But man was not content. Instead of feeling thankfulness for all that God had given to him, man was ungrateful. And tempted to eat from the tree, he did so. And God cast mankind out of Paradise, out from the Garden of Eden. Instead of living in unity with God, the human being now lived in a state of chaos—victim of his own mistakes, victim of the mistakes of others, and victim of a broken creation filled with “natural” (in reality unnatural, because God made nature perfect) disasters, until the day that each human being dies, and returns to the dust from which he was created.

wall of separation separated man from God. In Genesis 3:24, we read, “God drove out the man; and at the east of the garden of Eden He placed the cherubim, and a flaming sword which turned every way, to guard the way to the tree of life.”

God did not abandon His people though. He made a covenant with Noah (Gen. 9:13–17) that He would never destroy the earth with a flood again. He made a covenant with Abraham (Gen. 15) that God would be a Father to Abraham and all of His descendants. The sign of the covenant was circumcision (Gen. 17). God gave deliverance from famine through Joseph (Gen. 41). He gave deliverance to His people, the Israelites, from the oppression of Pharaoh (Exod. 14). God gave order to the people of Israel through the Ten Commandments (Exod. 20). He gave His people judges, kings and prophets in every generation, to let them know that they were not forgotten by Him. Throughout the Old Testament, there are prophecies foretelling of the coming of Christ the Messiah, who will save His people from their sins. “But when the time had fully come, God sent forth His Son to redeem those under the Law” (Gal. 4:4). This is the Feast of the Nativity. The story of the Nativity is told in Prophecy (Old Testament), the Gospels (New Testament), the Epistles (New Testament), and hymns and prayers (from the liturgical tradition). All will be used on our journey to the Nativity.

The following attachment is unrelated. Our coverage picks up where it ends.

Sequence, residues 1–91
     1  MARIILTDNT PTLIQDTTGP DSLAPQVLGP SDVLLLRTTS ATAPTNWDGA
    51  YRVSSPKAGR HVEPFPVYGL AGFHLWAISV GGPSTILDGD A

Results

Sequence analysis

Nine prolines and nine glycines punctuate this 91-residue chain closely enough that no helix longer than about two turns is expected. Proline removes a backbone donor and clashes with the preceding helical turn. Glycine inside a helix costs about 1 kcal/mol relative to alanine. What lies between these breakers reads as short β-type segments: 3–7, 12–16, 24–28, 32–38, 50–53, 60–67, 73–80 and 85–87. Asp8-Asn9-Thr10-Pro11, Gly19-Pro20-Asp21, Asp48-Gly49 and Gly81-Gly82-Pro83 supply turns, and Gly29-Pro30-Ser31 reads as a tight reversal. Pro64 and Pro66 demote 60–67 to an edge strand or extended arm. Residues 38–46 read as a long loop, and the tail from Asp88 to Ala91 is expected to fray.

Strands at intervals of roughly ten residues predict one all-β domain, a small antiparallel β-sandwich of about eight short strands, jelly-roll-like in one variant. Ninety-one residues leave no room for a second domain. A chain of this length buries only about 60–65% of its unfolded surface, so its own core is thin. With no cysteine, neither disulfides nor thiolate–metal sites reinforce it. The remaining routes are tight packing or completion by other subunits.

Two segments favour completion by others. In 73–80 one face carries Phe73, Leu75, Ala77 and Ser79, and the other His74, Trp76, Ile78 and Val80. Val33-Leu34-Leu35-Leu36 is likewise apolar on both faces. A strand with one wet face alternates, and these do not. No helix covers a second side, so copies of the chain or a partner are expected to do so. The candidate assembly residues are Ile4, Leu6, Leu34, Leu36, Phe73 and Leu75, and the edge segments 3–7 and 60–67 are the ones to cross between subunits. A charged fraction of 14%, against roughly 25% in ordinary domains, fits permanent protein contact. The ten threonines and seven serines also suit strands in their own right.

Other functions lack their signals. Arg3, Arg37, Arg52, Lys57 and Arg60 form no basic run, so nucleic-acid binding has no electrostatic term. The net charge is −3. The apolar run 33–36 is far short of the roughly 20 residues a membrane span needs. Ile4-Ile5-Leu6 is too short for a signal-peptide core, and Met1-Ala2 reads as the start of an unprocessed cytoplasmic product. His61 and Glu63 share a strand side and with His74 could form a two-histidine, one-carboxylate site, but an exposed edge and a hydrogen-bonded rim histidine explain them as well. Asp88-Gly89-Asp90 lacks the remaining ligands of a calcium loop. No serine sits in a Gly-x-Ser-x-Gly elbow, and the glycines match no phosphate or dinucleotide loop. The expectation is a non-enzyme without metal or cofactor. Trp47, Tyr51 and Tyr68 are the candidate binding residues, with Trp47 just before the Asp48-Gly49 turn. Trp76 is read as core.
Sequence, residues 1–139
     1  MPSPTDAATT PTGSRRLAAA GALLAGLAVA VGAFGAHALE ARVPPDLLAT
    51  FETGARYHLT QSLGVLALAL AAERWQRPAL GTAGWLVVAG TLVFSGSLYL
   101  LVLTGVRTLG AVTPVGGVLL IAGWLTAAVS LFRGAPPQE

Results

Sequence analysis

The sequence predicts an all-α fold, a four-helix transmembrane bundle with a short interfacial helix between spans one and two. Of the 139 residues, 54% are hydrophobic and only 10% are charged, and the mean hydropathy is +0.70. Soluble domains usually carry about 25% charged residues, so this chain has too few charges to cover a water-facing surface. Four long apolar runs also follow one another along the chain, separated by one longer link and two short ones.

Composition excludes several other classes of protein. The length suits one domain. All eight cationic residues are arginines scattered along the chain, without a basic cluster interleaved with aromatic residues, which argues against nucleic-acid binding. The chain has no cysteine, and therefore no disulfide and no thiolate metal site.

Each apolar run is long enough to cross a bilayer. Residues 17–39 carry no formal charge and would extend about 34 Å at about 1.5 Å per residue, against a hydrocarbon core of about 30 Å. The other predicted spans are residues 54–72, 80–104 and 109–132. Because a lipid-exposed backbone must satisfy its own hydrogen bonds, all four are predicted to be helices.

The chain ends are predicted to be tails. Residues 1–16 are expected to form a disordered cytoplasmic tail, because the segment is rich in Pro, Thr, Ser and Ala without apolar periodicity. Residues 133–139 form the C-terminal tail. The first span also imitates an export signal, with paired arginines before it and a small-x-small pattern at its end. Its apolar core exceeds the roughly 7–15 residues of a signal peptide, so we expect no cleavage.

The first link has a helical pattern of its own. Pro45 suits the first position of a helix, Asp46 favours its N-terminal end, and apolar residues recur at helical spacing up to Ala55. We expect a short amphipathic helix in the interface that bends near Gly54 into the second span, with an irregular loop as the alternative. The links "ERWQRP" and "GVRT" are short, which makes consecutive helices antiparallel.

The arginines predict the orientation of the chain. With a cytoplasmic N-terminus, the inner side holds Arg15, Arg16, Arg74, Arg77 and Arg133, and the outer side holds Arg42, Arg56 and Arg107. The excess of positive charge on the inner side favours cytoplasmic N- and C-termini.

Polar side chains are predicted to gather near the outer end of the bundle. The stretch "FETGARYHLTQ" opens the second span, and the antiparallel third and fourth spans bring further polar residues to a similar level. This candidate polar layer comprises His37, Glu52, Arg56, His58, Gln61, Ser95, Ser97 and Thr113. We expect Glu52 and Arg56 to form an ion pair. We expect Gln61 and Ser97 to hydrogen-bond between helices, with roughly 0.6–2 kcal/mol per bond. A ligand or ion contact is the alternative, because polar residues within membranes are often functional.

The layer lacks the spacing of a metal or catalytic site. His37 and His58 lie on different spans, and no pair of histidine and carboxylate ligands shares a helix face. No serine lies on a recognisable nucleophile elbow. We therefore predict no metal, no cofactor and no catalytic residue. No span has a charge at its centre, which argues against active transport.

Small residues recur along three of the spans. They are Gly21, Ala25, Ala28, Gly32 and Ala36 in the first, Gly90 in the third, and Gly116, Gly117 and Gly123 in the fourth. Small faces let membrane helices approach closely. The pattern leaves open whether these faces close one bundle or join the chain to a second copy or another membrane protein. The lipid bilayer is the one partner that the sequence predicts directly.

As we begin our journey, remember these three things—God made us in His image and likeness; we fell through sin; and through the Incarnation (which begins the earthly ministry of Christ that culminates in His Passion and Resurrection from the dead), we are reunited with Christ, as the Creator comes to live among His creation and redeem us from our sins.

Today’s prayer is a hymn from the Vespers of Christmas, which tells us that through the Nativity the wall of separation between us and God came down.

Come, let us rejoice in the Lord, as we tell about this mystery. The middle wall of separation has been broken down; the fiery sword has turned back, the Cherubim permits access to the tree of life; and I partake of the delight of Paradise, from which I was cast out because of disobedience. For the exact Image of the Father, the express Image of His eternity, take the form of a servant, coming forth form a Virgin Mother; and He undergoes no change. He remained what He was, true God; and He took up what He was not, becoming human in His love for humanity. Let us cry out to Him: You who were born from a Virgin, O God, have mercy on us. (Trans. Fr. Seraphim Dedes.)

Interested in reading further? Father Stavros Akrotirianakis has written a book of meditations for this season, Let All Creation Rejoice: Reflections for Advent, the Nativity and Epiphany.